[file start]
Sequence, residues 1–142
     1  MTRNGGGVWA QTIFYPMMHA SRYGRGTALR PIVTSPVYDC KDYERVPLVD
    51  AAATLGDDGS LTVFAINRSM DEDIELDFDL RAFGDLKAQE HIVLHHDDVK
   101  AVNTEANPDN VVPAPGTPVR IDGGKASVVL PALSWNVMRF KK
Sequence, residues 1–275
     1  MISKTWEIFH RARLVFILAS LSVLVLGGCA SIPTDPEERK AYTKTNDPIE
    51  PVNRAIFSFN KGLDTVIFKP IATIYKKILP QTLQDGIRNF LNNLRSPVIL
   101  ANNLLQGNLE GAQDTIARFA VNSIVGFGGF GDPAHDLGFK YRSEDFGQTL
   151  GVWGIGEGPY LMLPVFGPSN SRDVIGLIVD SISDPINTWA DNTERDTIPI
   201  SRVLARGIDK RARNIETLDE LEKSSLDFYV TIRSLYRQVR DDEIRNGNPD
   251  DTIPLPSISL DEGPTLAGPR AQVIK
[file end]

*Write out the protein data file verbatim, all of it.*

Sequence, residues 1–142
     1  MTRNGGGVWA QTIFYPMMHA SRYGRGTALR PIVTSPVYDC KDYERVPLVD
    51  AAATLGDDGS LTVFAINRSM DEDIELDFDL RAFGDLKAQE HIVLHHDDVK
   101  AVNTEANPDN VVPAPGTPVR IDGGKASVVL PALSWNVMRF KK
Sequence, residues 1–275
     1  MISKTWEIFH RARLVFILAS LSVLVLGGCA SIPTDPEERK AYTKTNDPIE
    51  PVNRAIFSFN KGLDTVIFKP IATIYKKILP QTLQDGIRNF LNNLRSPVIL
   101  ANNLLQGNLE GAQDTIARFA VNSIVGFGGF GDPAHDLGFK YRSEDFGQTL
   151  GVWGIGEGPY LMLPVFGPSN SRDVIGLIVD SISDPINTWA DNTERDTIPI
   201  SRVLARGIDK RARNIETLDE LEKSSLDFYV TIRSLYRQVR DDEIRNGNPD
   251  DTIPLPSISL DEGPTLAGPR AQVIK